Peter Quill (Chris Pratt), Gamora (Zoe Saldana), Drax (Dave Bautista), Rocket (voice of Bradley Cooper)and baby Groot (voice of Vin Diesel) return as The Guardians of the Galaxy in the sequel GUARDIANS OF THE GALAXY VOL. 2.
The Guardians successfully complete a job for a golden skinned race of aliens; easily-offended narcissists called The Sovereign. Their success is immediately ruined by Rocket’s decision to steal from their employer. This precipitates a chase and a space battle. Before this dispute is resolved, a powerful alien entity appears, claiming to be Peter’s long-lost father. Ego (Kurt Russell) is his name and he says he has been looking for Peter for more than thirty years. He has something important he wishes to share with his only biological child.
Chances are you’re going to love this sequel. Why? Because director James Gunn has worked his butt off creating an experience that reminds you of the original, while throwing a truckload of new stuff into the mix as well. The violence is stylised and PG. The language is mild. The visuals are over-cooked and busy. Ego’s home planet looks as green-screened and garishly fussy as the recent ALICE IN WONDERLAND 2, which is the point. One couldn’t describe Gunn as an elegant stylist, but he is enthusiastically generous about what he has to offer. And there is so much of everything. There are even more radio hits of the 1970s on mother Quill’s audio cassette, “Awesome Mix Volume 2”. More ‘splosions. More destruction. More comedic bickering within the rag-tag team of universe-defending, muscle-for-hire, The Guardians of the Galaxy.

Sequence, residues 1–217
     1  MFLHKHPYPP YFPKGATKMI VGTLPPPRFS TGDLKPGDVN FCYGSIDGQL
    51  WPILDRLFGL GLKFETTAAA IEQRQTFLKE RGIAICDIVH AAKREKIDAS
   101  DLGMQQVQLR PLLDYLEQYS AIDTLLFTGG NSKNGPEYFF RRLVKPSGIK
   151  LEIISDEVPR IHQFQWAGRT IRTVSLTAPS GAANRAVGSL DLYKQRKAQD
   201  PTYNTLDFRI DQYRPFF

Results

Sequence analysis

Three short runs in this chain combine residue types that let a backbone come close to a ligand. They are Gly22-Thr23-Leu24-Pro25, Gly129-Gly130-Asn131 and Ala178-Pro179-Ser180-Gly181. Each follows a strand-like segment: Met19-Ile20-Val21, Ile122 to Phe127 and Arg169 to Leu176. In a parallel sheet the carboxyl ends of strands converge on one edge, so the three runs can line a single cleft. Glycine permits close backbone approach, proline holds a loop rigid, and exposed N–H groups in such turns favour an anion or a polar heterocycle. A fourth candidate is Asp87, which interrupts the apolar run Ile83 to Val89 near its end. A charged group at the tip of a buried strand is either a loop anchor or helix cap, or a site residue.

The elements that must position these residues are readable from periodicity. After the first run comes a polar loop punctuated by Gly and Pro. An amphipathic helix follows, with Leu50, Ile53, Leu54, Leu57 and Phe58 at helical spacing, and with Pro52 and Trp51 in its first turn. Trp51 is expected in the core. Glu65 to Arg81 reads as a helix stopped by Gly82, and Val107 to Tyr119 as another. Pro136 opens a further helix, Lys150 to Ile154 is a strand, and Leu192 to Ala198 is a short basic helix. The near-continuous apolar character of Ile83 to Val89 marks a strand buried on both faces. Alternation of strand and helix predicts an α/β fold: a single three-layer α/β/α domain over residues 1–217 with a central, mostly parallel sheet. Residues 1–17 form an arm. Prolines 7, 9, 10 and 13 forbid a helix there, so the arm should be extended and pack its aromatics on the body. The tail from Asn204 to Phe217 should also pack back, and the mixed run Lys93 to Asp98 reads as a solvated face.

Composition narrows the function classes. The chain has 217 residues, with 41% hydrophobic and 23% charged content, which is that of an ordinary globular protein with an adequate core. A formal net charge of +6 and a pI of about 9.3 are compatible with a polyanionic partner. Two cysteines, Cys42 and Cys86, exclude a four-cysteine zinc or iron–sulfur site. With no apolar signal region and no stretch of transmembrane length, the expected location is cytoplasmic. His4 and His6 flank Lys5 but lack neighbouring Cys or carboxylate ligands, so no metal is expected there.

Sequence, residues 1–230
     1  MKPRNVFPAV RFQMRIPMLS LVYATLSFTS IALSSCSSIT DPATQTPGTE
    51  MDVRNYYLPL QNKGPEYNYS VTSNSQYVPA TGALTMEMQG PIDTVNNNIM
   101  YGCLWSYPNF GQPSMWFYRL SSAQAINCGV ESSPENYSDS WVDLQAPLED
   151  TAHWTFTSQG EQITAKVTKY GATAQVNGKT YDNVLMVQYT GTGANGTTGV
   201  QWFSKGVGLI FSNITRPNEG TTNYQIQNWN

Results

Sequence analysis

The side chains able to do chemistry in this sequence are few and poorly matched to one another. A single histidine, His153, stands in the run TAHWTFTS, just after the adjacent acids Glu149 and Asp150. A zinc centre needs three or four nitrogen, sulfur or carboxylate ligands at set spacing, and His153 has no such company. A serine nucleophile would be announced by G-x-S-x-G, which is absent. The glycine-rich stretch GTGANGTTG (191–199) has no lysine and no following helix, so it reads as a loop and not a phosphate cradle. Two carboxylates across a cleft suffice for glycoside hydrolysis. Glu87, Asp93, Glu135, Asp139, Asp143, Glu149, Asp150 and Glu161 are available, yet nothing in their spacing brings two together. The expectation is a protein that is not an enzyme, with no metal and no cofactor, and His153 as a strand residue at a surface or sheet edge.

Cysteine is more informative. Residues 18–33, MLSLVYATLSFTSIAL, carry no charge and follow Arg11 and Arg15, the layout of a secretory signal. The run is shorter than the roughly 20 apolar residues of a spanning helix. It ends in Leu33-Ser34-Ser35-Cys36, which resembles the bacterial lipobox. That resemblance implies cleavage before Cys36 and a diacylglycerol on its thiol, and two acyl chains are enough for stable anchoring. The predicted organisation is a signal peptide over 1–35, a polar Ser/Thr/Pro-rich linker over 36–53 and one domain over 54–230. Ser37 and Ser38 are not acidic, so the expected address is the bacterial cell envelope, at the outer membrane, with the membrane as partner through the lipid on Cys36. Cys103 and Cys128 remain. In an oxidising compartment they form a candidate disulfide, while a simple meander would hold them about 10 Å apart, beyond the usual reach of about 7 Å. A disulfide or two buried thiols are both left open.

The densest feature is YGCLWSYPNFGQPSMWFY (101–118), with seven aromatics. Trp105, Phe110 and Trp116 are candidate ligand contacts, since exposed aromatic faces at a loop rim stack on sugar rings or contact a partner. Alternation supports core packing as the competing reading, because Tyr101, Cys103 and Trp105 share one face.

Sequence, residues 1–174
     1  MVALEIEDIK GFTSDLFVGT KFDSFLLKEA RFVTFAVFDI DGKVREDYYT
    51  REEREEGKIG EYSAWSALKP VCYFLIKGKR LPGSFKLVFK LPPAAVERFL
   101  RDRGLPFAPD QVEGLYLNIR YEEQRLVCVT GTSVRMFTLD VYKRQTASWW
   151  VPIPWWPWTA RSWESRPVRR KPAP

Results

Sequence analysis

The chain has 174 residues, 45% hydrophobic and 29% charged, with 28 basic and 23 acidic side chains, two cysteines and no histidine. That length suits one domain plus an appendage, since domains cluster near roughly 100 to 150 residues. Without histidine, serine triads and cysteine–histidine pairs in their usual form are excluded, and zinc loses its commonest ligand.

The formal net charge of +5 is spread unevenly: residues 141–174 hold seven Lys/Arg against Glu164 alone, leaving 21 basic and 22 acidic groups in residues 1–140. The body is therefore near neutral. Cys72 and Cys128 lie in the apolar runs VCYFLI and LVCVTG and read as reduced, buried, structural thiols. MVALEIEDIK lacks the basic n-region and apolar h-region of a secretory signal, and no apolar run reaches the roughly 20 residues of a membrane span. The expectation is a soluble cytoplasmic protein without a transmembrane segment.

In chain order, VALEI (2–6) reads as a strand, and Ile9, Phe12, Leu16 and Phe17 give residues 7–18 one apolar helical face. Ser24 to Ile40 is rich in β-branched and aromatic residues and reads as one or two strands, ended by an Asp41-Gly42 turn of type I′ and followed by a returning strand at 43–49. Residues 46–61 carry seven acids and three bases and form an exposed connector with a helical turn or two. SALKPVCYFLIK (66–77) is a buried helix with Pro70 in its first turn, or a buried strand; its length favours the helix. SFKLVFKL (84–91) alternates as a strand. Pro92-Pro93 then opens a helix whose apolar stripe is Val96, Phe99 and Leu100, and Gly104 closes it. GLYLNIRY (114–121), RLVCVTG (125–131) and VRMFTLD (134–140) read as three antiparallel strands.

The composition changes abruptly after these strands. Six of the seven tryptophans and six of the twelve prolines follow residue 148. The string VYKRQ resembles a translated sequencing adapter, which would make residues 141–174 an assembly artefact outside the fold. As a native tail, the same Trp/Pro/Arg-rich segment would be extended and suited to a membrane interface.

There are new characters introduced and old ones reassessed. Yondu (Michael Rocker) is given greater depth regarding his role as Peter’s surrogate father. Thematically, this second movie is all about family. Like the Fast and Furious franchise, Guardians 2 declares that sometimes families are not necessarily your flesh and blood, but the crew who help you fight aliens for money or possibly they’re your street-racing, amateur secret-agent buddies. Step-sisters Gamora and Nebula (Karen Gillan) have their own family issues to sort out if they can stop trying to kill each other. Add to this the cuteness overload of baby Groot, The Guardians beloved toddler-tree-alien, and it is clear that this sequel wants to be both a special effects extravaganza and a family sitcom.
Other new faces are French actress Pom Klementieff, a welcome addition as the antenna’d empath Mantis; Australia’s Elizabeth Debicki, who has been consistently excellent in supporting roles in THE GREAT GATSBY (2013) and television’s The Night Manager, and is rather good here as high priestess Ayesha, a villain worthy of Flash Gordon.
Fans of joining the dots in the continuum that is the Marvel Cinematic Universe may be slightly disappointed by the lack of pointers to the upcoming movies, despite five–count ’em five!–end credit scenes. As an aside, I for one wish there were even more Infinity Stones than the meagre six offered by the MCU. How about a silver mirror one called The Disco Gem? Such are the dreams of a mere film critic.
GUARDIANS OF THE GALAXY VOL. 2 is big, loud, funny, slickly entertaining pop-corn science fiction. Currently in wide release in Australia. Duration:138 minutes. (8/10)